Javi: Great point. Let me make a couple of observations: 1) If there's a complaint about the movie, and I'm not sure if this is the way that I'm wired, so read into that as you will, but it elicited such a strong reaction for me, I have to wonder just how genuine it is. Because documentarians, what is it that they leave on the cutting room floor, and what is it that they keep in order to make their point they want to make.

Jonesy: You're 100% right.

Javi: Thanks! And that's the more intellectual part of me which kept me from being a a mess during the movie. If that makes me cold or analytical, so be it. I read a book about two splinter factions within a political movement that come head-to-head on a battlefield after their main war was over. One faction was full of sadistic group that hunts down people within their faction that "waived" from their leader's vision. The other group is just a group of scavengers who were just trying to etch out their living in this post-world society. One of the characters within the scavenger groups gives a speech where he believed in the cause, but then there were people like the thugs and the sadists, and they are the ones that failed the cause. This movie definitely made me think of that because there might have been some legitimate reason as to why the original Indonesian government was overthrown, but then because of these psychopaths, we have this movie. I just wonder now what people within this paramilitary organization were thinking to themselves, "Hey, maybe this is not the thing to do." I know that's the not the point of the director, but that's also an avenue to explore.

Jonesy: You're right about your first point...

Javi: Not my second point?

Jonesy: Well yes, but what you said about documentarians that when you watch their work, you can feel that about the editors never cut out anything and don't shy away from the harsh stuff, "these are just the facts, make your own decision." I love documentaries like. Mind you, there is something great about those totally biased documentaries; they can be fun. But to totally see something impartial says something about the filmmaker because you know that they have to have an opinion on their subject, and to attempt to take themselves out of the equation in the narrative is something that is difficult to do. It's a testament to their character.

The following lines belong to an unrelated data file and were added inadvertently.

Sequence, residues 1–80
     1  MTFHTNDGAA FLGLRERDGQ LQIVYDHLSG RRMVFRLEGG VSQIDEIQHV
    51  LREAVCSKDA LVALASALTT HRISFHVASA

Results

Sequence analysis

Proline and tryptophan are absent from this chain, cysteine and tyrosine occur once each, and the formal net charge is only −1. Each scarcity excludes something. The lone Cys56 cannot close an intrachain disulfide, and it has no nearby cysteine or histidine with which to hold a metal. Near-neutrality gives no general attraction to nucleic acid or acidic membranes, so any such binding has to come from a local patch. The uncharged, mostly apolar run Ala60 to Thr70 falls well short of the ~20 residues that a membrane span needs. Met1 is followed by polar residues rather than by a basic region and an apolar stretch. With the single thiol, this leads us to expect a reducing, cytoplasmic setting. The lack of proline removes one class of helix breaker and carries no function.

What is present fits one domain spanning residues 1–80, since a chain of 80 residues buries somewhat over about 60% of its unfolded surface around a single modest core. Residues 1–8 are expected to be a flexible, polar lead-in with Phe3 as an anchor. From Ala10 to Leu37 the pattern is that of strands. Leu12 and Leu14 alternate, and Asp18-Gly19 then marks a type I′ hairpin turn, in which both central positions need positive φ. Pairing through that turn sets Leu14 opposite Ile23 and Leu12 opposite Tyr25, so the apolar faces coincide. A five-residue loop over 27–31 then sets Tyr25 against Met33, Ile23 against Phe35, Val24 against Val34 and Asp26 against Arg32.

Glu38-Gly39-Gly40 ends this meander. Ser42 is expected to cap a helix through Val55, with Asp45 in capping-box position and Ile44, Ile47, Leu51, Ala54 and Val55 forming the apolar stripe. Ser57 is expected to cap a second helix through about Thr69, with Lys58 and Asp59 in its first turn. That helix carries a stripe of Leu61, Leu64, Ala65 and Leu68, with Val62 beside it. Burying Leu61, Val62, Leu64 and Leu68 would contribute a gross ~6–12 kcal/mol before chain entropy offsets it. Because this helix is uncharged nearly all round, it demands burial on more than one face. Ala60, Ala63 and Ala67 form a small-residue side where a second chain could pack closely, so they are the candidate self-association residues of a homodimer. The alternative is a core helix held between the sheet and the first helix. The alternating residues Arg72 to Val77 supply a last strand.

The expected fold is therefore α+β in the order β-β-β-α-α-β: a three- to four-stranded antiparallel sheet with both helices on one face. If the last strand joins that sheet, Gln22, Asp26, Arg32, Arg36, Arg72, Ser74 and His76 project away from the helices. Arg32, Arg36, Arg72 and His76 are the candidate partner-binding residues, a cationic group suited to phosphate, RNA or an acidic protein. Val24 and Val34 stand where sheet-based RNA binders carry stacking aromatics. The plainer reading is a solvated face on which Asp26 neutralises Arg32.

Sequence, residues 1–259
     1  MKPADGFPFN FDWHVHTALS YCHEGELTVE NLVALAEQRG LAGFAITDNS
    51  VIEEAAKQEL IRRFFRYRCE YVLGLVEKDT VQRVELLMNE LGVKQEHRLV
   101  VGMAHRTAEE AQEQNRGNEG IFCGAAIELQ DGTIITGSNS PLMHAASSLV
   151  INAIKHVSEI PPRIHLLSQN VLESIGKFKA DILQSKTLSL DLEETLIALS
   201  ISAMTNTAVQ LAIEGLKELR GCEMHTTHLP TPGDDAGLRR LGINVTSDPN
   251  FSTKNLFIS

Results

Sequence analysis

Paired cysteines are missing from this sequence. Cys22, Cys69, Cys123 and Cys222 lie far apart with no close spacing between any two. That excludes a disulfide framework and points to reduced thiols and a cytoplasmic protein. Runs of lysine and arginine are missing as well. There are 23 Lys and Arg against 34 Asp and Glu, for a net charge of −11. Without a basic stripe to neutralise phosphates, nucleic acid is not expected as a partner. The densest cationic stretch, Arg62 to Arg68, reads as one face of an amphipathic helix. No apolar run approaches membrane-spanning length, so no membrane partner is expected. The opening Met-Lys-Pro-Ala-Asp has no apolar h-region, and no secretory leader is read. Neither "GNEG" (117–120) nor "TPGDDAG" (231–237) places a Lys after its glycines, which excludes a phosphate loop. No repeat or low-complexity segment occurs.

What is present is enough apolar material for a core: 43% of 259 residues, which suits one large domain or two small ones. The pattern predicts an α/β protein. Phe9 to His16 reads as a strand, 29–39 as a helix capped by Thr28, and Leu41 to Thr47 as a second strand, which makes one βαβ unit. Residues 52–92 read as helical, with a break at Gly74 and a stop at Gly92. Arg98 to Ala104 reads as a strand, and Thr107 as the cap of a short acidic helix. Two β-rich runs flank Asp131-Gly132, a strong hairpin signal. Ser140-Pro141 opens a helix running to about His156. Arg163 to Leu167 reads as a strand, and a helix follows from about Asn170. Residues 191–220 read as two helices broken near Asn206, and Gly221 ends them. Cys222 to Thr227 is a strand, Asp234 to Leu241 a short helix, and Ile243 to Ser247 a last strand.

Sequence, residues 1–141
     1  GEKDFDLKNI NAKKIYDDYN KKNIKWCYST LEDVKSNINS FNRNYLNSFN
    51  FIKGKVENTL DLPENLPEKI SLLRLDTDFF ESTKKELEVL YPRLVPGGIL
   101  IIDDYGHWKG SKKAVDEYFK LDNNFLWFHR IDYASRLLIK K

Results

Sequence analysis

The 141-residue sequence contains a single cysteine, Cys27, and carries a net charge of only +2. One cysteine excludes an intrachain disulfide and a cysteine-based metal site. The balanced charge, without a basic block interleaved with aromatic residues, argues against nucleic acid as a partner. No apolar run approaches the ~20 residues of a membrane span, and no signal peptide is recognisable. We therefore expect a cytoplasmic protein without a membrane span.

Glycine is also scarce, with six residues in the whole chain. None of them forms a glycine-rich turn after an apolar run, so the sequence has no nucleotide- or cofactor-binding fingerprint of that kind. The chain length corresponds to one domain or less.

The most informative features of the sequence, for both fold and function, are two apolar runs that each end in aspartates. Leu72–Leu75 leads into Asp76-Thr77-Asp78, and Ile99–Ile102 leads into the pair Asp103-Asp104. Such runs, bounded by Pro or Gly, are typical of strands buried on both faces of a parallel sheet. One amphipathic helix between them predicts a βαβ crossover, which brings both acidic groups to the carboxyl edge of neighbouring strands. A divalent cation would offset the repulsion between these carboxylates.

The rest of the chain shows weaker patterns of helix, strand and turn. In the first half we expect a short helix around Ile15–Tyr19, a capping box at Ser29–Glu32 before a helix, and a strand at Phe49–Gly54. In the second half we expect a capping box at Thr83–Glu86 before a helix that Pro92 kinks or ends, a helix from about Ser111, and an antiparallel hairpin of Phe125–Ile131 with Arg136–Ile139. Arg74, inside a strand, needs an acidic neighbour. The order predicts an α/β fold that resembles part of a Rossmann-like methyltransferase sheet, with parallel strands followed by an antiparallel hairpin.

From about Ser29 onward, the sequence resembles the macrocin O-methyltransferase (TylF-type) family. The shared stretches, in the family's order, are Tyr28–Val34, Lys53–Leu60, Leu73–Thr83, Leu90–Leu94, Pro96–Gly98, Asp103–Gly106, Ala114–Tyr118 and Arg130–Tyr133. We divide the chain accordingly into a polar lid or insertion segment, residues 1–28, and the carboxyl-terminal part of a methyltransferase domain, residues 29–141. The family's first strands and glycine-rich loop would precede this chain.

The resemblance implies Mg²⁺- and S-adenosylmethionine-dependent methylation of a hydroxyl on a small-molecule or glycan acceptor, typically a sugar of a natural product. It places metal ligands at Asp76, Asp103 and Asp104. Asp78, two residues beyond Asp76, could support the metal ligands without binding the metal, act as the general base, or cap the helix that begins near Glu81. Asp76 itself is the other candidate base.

Javi: It's funny that documentaries, in the more mainstream circles, are heralded as these impartial beacons of truth. I've always been of the mind, and I think I might be totally quoting a Dinosaur Comics, but every time that you are, as a documentarian, pointing your camera lens at a particular subject, you are giving them importance over the other 345 degrees that you're not focusing on. Therefore, there is a bit of a political statement within the fact that they chose to focus one thing over another. Yes, there is a great focus on the killings, the reenactments, the intense psychological snapshot of the killers, and how they deal with their actions, but I like thinking more of what led to the coup and the society that allowed this. Mind you, the reenactments themselves, there were a few that were really upsetting.

Jonesy: There is a village invasion set piece that exemplifies your point of documentaries being cut a specific way to elicit a specific feeling. This scene is shot in a very dramatic way to bring out that emotion. Mind you, it's an emotional response that you probably should have anyway, but if it had been shot by amateurs, you wouldn't have gotten the same reaction.

Javi: Exactly, there was a bit of a cinematographic expertise behind that scene. This isn't a spoiler, but there is a section where a house burns down, and it also seemed to be very professionally shot. There's also no explanation about whether this is a fake or real village in their recreation. We aren't given much about the stakes or the context, which in retrospect makes the scene more fucked up.

Jonesy: See, I didn't get that...

Javi: The reason I say this is because the women and the children are still crying after the cameras stop rolling. So they're either terrible actors and actresses, or their houses have just been burnt down for real as part of this exercise, which is unfortunately not something to difficult to imagine in this society.